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Repression

Repression exists in society in many forms. Research papers often discuss repression in light of works of literature or particular historical ages, such as the Victorian Age. Repression is most often linked to the act of repressing or of stifling someone by force. This can include feelings, memories, thoughts and desires. Therefore, repression can be integrated into life at many stages and in many different contexts.

According to Freud, personality develops from the maturation of growth and learning to overcome frustrations, conflicts, and anxiety. The Anti-cathexis restraining cathexis is called repression. Repression is a defense mechanism of the ego, just as projection and reaction formation are also. Fixation occurs as a gradual process and limits a persons development due to the failure to move beyond a particular stage of life. Regression is reversing the stages of life slowly. A stabilized personality is one in which “psychic energy has found more or less permanent and constant ways of expending itself in performing psychological work.

Repression

Repression is intrinsically linked to the Victorian age. Foucault’s History of Sexuality Vol. I attempts to explain the mistake of the Victorian ages’ appearance of repression as one of actual awakening to vast dynamic of sexuality. Foucault asserts that the confessional booth was the start of opening the doors towards explicit sexuality in the 16th and 17th Centuries. According to him, “An imperative was established: Not only will you confess your acts contravening the law, but you will seek to transform your desire, your every desire, into discourse”. By the 19th Century, population regulation and sexual control of deviance became issues to be publicly discussed and scrutinized. The confessional atmosphere was transformed into an examination of the pathology of “unnatural” sexuality in public discourse. Sex became what Foucault called “scientia sexualis” and was labeled as having “limitless dangers that carried with it justified the exhaustive character of the inquisition to which it was subjected,”.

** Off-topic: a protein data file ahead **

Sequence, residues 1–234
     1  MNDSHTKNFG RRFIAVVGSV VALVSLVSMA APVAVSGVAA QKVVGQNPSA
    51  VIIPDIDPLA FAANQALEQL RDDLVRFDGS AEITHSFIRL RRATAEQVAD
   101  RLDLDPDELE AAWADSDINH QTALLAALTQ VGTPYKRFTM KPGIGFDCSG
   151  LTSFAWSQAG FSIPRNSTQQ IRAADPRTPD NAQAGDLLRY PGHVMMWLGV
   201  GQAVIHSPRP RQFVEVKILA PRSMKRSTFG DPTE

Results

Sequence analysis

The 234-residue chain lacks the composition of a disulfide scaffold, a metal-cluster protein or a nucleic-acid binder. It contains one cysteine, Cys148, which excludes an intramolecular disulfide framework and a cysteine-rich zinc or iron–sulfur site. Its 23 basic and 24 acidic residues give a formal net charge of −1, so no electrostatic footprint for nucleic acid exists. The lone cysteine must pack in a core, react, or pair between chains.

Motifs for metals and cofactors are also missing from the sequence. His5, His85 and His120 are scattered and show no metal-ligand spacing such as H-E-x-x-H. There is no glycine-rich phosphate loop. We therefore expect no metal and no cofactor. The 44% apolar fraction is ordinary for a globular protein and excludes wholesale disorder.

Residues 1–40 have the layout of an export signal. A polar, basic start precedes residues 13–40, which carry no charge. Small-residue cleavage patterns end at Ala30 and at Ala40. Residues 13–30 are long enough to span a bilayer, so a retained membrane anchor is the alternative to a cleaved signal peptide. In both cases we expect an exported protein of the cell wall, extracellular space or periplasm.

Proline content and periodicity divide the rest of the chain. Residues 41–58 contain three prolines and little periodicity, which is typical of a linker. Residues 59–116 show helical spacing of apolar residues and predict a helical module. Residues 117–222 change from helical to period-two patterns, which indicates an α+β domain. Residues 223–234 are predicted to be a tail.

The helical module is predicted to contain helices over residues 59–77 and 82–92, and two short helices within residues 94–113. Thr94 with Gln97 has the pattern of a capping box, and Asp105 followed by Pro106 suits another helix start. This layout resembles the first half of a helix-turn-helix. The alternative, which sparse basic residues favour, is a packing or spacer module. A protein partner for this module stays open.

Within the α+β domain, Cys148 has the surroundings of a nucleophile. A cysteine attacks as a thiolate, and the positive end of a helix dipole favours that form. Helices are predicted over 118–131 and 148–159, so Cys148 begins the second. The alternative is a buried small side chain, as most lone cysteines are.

Such strong assertion of the dangers of sexuality lead to Foucault’s second main assertion in Volume I, that of the power of sexuality. By power, Foucault means the rules of society that are placed on an individual, making him or her subject to the one that enforces the rules or holds the control. Power in sexuality is held by many, mainly institutions that serve to judge sexuality. These institutions include the medical field in which sexuality is labeled as the afore mentioned “pathology”; the state that serves to control population through the monitoring of sexual practices; and in sending children to boarding schools to teach them how to be properly disciplined in matters of sexuality. What becomes of this method of controlling the nature of sexuality is the creation of pornographic tendencies. According to Foucault, repression encourages the need to be voyeuristic and play “games of sexual hide and seek”.

With the ground work laid as to why repression exists, Foucault moves on to ask if man has moved beyond repression in recognizing the design of institutions. He calls up the common man, every man, to recognize and act against the institutions that seek to hold power over what should not be held captive, i.e. sexuality. Foucault admonishes, “The agency of domination does not reside in the one who speaks (for it is he who is constrained), but the one who listens and says nothing”. While this may produce sexual repression, it has served other aspects of society well. For example, Foucault points to this power dynamics in capitalism and states that it allows workers to be subjected into production. Without this dynamic, capitalism would not have been possible.

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